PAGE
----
Arik confirms a kind of joke about the prevalence of barbecues on Memorial Day: yes, he’s seen people cooking in the median strips of city streets, as well as in city parks, backyards (if they are lucky enough to have them), and other public spaces.

Though most Israelis like to spend the holiday eating outside, preferably cooking some foods on a grill, the origin of Israeli barbecued foods is a diverse as the population. Israeli food writer Daniel Rogov points out that the “the Israeli picnic is as likely to feature traditional dishes from Iraq, Tunisia or White Russia as it is dishes from Ethiopia, Greece or any of the other eighty nations from which Jews have immigrated.” Rogov’s article mentions a variety of grilled lamb and chicken dishes, as well as a side salad of marinated beans. A small selection of his recipes appears later in this article.

Various people explain the emergence of the barbecue custom in various ways. Chava can’t remember when barbecuing became so prevalent, but her memories go back almost to the founding of Israel, so she knows it had to have emerged in her lifetime. One Israeli friend explained to me that most Jewish holidays forbid both driving and making fires. Even less-observant Jews may be reluctant to flaunt these norms. Since Israelis love to barbecue, this is a rare holiday where they are truly free to do so.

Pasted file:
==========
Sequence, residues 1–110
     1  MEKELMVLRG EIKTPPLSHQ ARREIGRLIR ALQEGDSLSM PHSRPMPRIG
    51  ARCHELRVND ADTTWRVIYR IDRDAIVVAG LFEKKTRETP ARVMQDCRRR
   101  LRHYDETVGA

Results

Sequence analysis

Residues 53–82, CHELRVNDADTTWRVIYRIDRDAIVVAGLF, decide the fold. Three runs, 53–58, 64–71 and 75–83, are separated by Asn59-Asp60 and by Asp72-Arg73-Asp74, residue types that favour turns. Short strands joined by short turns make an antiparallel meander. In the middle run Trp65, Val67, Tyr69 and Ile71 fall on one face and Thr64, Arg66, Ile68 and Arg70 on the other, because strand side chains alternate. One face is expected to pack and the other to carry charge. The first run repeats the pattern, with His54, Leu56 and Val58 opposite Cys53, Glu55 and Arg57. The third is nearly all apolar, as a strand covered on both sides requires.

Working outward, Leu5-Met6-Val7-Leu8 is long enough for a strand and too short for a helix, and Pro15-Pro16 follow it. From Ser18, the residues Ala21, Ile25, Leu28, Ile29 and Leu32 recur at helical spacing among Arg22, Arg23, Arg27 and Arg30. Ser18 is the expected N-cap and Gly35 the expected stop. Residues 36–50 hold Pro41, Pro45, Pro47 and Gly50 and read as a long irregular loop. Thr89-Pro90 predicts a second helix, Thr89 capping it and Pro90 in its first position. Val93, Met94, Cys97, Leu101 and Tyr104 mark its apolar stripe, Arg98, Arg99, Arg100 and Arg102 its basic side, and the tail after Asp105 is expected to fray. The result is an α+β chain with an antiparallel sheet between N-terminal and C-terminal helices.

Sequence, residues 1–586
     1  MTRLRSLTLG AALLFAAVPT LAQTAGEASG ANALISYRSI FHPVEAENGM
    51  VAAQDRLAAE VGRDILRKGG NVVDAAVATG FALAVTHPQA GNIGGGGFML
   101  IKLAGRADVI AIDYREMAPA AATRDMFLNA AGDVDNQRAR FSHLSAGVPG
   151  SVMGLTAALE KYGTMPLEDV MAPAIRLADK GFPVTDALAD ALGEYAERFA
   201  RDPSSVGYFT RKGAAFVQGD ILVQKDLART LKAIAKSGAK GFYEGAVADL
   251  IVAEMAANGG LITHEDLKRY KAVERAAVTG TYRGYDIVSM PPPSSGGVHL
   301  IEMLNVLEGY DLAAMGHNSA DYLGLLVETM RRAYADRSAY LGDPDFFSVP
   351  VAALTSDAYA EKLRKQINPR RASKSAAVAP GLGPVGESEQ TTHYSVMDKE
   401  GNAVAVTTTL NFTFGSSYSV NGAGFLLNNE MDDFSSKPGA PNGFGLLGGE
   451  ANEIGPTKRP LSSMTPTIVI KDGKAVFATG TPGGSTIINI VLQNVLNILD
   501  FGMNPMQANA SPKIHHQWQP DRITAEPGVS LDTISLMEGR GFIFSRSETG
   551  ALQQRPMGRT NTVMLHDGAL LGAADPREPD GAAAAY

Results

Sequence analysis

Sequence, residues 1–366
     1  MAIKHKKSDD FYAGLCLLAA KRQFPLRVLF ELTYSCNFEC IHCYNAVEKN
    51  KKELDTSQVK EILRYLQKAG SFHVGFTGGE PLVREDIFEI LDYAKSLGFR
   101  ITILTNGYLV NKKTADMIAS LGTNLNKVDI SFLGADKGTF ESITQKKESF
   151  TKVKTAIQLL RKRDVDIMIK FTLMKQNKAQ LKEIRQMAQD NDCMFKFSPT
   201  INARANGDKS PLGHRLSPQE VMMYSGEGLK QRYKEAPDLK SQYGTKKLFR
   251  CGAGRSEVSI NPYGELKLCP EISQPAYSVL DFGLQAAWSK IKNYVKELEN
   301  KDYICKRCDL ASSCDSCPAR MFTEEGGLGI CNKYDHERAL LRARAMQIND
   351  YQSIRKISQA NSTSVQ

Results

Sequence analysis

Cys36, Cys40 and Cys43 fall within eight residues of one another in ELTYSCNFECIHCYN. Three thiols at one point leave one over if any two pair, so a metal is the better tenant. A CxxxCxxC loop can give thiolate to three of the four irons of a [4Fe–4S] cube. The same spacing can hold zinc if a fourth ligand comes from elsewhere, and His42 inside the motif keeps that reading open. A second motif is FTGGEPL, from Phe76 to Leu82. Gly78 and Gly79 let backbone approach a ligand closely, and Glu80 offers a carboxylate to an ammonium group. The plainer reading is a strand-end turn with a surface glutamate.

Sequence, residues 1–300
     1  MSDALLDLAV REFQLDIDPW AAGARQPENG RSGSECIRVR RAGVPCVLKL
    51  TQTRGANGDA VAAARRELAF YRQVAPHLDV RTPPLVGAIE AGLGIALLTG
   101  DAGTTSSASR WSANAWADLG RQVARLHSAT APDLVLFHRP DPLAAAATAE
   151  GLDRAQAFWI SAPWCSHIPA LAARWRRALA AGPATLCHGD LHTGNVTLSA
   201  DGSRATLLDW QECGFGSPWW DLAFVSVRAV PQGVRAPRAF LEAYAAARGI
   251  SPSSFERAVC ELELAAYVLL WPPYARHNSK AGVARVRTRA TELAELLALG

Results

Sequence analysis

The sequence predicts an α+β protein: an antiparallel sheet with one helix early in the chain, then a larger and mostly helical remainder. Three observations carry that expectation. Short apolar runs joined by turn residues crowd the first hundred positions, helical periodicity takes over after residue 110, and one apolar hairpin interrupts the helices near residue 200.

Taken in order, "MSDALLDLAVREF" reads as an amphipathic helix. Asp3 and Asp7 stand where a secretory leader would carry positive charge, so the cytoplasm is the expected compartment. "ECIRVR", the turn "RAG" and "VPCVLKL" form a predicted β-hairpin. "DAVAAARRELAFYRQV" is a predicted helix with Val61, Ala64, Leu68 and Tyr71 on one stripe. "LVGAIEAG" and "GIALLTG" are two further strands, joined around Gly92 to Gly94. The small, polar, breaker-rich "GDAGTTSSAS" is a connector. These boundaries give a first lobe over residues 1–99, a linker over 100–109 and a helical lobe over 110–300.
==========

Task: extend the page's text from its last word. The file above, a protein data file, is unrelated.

Another practical explanation for this uniform activity is that spring is the best time for a barbecue: at Chanukah, when driving and fires are also allowed, it’s too cold. Whatever the reason, Chava says, “there’s smoke everywhere – and not from shooting!”

ISRAEL INDEPENDENCE DAY MENUS